Weight Loss Support - Blocking Things Out




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Elladorine
05-22-2013, 03:03 PM
I recently made a connection about how I tend to block things out. I guess it's how I protect myself, even though it can potentially be a form of denial.

For example, when I was a teenager I didn't even bother trying to dress fashionably; I was fat and nice clothes for fat girls were hard to find and far too expensive. I also didn't try to exert myself because it seemed pointless and potentially embarrassing to have everyone watch me huff and puff over seemingly nothing. Whenever it hurt to not have something or be able to do something, I tended to block it out.

When I was a little older I developed an allergy to seafood. It seemed pointless to pine over fish and shrimp when I could no longer have it, so I blocked it out. And more recently I discovered I had a bad reaction to aspartame and had no problem learning to read labels in order to avoid the god-awful headaches that those products cause me.

And now? I'm currently in the groove of a healthier lifestyle, and I recently realized that I've learned to block things out to my advantage. It used to be that if someone close to me wanted to indulge in a treat, I just had to have one too. If I tried to deny myself, I'd feel terribly deprived and left out. But I've learned to block it out, so to speak? I've realized that I don't have to have a treat just because someone else is. I don't have to go back for seconds just because my husband did. I don't have to dig into the chips at the Mexican restaurant just because everyone else is. It used to be more than an excuse, it was a justification to indulge. My husband can eat a whole pizza at once and still weigh much less than me, it just isn't fair! I should be able to eat as much as I want as well and not weigh what I do, right? Except I wasn't taking into account that every body is different and doesn't have the same needs.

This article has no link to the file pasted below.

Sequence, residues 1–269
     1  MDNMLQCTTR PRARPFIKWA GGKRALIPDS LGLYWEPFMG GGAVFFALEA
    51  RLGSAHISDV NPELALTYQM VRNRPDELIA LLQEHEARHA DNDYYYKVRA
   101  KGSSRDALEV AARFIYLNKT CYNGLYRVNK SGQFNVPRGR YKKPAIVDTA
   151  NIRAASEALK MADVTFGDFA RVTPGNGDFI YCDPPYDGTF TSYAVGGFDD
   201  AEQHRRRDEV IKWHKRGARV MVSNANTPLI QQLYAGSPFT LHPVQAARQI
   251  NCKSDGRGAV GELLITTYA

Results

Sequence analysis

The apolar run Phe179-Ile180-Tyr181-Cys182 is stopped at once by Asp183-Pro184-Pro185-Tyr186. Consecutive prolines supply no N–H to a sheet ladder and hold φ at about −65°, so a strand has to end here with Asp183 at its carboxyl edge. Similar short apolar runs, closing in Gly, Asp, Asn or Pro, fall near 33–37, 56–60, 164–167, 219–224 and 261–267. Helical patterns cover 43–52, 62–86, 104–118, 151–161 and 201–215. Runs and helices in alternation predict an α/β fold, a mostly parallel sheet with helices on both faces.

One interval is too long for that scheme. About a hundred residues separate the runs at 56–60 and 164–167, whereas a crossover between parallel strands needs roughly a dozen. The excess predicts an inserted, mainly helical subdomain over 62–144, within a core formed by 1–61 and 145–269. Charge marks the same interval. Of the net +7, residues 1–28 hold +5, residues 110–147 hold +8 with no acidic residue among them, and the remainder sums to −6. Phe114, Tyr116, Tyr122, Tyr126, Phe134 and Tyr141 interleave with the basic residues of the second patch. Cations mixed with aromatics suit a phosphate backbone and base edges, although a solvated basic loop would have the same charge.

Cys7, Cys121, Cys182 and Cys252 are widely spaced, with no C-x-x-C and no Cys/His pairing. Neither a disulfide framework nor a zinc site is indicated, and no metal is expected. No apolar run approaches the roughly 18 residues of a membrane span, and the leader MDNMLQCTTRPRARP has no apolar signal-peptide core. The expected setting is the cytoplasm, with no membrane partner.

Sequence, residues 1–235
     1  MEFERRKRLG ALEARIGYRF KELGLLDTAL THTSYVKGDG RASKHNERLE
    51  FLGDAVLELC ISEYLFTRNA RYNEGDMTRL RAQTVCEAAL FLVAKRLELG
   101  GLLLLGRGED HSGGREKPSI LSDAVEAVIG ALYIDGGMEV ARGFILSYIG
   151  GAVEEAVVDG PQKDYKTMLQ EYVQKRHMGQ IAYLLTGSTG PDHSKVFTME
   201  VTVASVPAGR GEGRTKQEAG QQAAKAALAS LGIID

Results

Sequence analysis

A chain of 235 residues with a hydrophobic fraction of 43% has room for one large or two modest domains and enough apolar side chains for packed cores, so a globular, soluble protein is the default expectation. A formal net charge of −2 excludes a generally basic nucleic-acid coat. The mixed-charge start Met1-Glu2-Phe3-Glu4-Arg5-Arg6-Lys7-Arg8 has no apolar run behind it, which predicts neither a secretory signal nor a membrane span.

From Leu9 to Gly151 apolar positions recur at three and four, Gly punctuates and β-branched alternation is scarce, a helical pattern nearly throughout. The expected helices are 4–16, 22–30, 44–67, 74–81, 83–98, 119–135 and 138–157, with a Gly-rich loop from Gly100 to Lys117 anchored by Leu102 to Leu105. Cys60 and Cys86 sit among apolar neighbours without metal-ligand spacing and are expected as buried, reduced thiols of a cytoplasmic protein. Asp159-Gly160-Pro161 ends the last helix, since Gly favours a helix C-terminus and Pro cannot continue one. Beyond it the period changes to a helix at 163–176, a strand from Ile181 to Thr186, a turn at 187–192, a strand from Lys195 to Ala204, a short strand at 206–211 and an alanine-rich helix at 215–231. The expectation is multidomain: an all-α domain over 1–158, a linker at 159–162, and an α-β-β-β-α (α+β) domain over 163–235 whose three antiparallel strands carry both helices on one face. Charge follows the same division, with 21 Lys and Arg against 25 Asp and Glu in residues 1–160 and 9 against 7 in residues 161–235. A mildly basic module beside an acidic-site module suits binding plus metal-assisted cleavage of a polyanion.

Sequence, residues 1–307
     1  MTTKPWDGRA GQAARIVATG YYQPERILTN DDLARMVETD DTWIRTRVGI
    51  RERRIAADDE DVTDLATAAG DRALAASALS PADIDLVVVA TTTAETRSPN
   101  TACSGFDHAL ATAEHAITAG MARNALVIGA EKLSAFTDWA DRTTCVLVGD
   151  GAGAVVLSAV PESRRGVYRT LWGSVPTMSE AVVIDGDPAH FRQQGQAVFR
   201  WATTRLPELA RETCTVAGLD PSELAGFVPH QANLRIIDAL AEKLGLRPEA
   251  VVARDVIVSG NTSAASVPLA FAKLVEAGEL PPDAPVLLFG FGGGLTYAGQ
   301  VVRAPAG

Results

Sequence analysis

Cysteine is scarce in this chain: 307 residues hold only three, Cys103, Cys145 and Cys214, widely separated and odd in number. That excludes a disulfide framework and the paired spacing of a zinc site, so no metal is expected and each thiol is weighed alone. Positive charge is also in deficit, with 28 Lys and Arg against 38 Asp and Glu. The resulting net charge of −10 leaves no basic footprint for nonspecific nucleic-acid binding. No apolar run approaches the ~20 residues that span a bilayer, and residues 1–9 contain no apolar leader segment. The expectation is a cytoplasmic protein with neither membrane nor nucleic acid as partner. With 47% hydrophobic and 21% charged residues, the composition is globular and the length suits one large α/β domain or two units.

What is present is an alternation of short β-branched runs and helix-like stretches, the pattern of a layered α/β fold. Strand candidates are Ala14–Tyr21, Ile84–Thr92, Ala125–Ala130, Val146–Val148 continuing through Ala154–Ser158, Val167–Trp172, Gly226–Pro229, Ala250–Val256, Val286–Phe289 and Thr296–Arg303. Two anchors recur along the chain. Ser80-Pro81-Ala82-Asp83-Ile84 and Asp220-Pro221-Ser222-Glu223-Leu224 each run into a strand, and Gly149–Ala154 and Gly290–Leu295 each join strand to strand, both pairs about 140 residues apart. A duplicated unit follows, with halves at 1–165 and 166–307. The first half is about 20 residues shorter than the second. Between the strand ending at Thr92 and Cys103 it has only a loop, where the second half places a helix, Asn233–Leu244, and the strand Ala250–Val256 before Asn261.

So why did it take me so long to learn how to block out the things that have robbed me of my health? I had no problem letting go of seafood or aspartame, so why did it take so long to realize what added sugar and deep-fried food does to me? Because once I did, I was able to block those out as well. I don't ever say I "can't" drink soda, I simply say that I "don't." Because it's true, and it's much more empowering. I don't eat seafood because it makes me sick (itchy, vomiting); I don't eat or drink aspartame because I get severe headaches and bladder symptoms; and now? I don't drink regular soda because it adversely affects my blood sugar, which makes me hungrier and plummets my mood; I don't eat deep-fried foods because it affects my stomach and makes me cranky; I don't eat too many calories in one setting because I don't like feeling overly-full or gaining for the week. Eating unhealthy is simply not an option for me anymore because I'm blocking it out.